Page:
India Continues to surprise in Global University Rankings

17 Oct

India continues to surprise in global university rankings

Meeta Sengupta
03 October 2013, 09:19 AM IST

India does manage to have some interesting things happening in the education manthan – the churning that traditionally threw up the treasures of the world.

And this time the crown goes to Panjab University that has managed to rise above all other Indian higher education establishments and is ranked between 226 and 250 in the world. Still low, for a country as educated and populous as India, but a significant achievement nonetheless. Panjab University has been known for its commitment to its faculty and academic standards, and it is good to see acknowledgement of that effort in global rankings.

Of the three or four major global higher education rankings, the Times Higher Education rankings are the most comprehensive and the most popular. With heavyweight analytics by Thomson Reuters and the might of the Times group in publication, the reach and rigour of the rankings is unparalleled. The strength is in the methodology that is revised and updated and here is a link to the criteria the university managed to score more than any other Indian university http://www.timeshighereducation.co.uk/world-university-rankings/2013-14/world-ranking/region/asia/methodology The rankings have noted the global shift from the West to the East in the higher ranks. This is a steady progression seen over the past few years and the younger universities of the east have worked hard to make themselves known in the upper echelons of the rankings.

Can this be managed? Can one climb up the rankings at will? Of course this is not an easy process that can be accomplished overnight. But like any assessment system one can work towards what is being assessed, work harder at those aspects and move up league tables. This is not to say a system is rigged – it is not. It is merely recognising and adopting a set of criteria seen as essential to defining a good university. Can Indian universities do this? I had written about this before in another publication and it is linked here ( http://www.dnaindia.com/analysis/1876684/standpoint-what-will-it-take-to-get-indian-universities-into-the-league-tables) This is of course a pragmatic and narrow view of progress at any university. All good universities will do this and more, depending upon their context, needs and goals.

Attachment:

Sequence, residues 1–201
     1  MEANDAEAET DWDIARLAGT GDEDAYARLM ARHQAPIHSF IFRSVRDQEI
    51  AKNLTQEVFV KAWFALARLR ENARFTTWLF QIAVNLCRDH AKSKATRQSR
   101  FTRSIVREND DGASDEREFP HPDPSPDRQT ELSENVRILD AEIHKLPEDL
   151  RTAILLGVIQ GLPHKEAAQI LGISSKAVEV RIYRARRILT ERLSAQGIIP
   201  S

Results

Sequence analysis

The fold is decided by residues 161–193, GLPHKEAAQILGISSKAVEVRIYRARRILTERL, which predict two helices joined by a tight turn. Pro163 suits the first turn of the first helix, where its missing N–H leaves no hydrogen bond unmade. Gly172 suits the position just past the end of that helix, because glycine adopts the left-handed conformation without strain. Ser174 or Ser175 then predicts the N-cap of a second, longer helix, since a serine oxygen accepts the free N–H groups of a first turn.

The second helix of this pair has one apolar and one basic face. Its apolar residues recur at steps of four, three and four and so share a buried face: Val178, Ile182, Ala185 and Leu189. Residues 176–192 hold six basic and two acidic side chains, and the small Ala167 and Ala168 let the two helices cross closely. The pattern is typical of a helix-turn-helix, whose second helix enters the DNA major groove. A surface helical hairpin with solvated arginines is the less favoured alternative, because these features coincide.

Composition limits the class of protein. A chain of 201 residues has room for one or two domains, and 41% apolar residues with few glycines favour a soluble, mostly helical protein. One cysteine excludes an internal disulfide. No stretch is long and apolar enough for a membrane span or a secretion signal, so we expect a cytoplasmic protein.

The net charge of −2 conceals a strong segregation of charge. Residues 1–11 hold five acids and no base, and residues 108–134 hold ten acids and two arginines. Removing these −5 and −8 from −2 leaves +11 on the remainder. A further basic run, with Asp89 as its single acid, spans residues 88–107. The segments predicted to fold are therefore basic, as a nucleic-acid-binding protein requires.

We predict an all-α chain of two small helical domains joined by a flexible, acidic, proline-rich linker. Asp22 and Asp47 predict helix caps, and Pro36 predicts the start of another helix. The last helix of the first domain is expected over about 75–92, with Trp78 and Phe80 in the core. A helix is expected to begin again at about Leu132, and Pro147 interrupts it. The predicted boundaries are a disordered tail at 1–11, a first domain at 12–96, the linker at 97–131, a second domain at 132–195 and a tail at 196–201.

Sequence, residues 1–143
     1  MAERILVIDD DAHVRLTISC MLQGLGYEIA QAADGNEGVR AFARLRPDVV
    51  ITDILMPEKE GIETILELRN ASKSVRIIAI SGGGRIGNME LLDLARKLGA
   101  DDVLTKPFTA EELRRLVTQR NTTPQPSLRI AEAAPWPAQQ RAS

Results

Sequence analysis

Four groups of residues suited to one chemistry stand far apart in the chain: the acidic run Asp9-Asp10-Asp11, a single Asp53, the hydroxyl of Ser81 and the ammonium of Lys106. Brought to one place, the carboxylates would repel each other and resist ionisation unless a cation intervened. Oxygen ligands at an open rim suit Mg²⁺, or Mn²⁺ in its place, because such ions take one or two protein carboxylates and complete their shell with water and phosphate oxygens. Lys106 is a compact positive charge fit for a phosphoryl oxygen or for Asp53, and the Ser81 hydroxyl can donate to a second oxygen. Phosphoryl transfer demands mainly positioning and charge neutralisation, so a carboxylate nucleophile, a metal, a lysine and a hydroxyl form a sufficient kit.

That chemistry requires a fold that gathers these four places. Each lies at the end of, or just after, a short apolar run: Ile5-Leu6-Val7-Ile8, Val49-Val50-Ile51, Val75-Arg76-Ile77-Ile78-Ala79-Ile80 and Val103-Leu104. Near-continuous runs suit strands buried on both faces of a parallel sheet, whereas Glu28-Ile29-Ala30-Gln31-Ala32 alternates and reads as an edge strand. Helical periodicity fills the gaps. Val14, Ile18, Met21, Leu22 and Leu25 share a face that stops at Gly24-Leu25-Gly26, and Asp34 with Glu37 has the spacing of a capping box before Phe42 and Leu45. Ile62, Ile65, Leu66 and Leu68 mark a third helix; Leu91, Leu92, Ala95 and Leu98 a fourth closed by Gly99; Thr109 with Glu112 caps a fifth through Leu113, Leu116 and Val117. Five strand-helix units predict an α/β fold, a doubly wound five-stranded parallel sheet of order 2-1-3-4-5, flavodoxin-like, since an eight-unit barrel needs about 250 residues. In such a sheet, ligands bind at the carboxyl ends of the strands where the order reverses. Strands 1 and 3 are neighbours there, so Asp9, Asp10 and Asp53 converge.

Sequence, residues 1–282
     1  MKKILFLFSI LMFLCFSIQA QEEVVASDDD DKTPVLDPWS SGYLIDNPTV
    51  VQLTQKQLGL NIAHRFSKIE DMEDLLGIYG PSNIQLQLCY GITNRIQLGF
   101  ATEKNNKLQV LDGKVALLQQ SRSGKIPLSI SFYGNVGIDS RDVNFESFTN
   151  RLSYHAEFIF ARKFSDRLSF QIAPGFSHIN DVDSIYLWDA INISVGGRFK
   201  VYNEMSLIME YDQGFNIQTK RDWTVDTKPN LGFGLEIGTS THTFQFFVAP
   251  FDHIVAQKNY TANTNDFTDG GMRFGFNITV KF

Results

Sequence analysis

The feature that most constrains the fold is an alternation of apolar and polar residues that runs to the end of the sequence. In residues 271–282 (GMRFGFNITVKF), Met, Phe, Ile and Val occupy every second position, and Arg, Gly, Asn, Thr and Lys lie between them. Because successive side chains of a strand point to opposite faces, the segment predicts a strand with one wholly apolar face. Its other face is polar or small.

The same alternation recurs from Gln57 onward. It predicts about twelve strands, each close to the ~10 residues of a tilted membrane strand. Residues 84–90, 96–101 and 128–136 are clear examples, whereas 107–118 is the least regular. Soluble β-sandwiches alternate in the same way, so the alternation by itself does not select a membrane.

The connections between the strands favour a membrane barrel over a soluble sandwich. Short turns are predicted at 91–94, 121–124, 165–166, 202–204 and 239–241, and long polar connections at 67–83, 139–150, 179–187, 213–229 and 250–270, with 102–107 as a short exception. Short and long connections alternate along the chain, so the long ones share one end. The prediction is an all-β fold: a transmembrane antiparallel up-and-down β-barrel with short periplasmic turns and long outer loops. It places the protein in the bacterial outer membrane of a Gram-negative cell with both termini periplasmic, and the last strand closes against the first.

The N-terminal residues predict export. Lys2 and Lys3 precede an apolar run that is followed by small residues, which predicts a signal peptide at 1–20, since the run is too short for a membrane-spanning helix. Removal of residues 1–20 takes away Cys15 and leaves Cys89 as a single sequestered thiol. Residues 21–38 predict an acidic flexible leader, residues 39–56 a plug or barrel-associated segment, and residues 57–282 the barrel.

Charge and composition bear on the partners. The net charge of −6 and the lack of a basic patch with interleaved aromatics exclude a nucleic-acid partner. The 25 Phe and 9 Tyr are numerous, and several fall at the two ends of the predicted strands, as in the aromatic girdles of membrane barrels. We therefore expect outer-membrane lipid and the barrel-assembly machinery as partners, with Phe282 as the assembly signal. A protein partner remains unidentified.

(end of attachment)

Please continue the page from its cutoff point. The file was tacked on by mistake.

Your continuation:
How did Panjab University do it? We will have to ask them of course, but they seem to have done exceedingly well in the citation indices. They clearly focused on the criteria and were able to rank higher than the prestigious IITs too.  (May I please take a self indulgent I-told-you-so moment here?) Here is what Panjab University’s scores look like on the Times Higher Education page – http://www.timeshighereducation.co.uk/world-university-rankings/2013-14/world-ranking/institution/panjab-university While the University scores under 30 points for each of the criteria for teaching, international outlook and industry income, the scores are very interesting for their research and citations. Panjab University scores a mere 14 points for their research, but a colossal 84.7 for their citations ( 30% weightage) pushing them neatly into the middle leagues – to bring their overall rank to between 226 and 250. This is a leap forward for India that struggled to get mentions even in the two hundreds. Punjab University did receive a grant of almost Rs. 35 crores for investment in research infrastructure in acknowledgement of its good work in quality research and research papers. It was among the top three universities along with Delhi University and Hyderabad University, and amongst 14 to receive such appreciation.

Does that make Punjab University the best University in India? Today, it does. They deserve congratulations for their achievements. As with everyone who achieves leadership, we now wait for them to reveal their secrets to their peers, in the spirit of collegiality that will take Indian higher education forward – for this has to be the real goal. It is not enough for one institution to do well. Each institution will do different things well, and it is only when we share and embed best practices across higher education institutions that the students and academia will gain.

 

This was published in Times of India blogs on October 3, 2013 and is linked here http://blogs.timesofindia.indiatimes.com/educable/entry/india-continues-to-surprise-in-global-university-rankings

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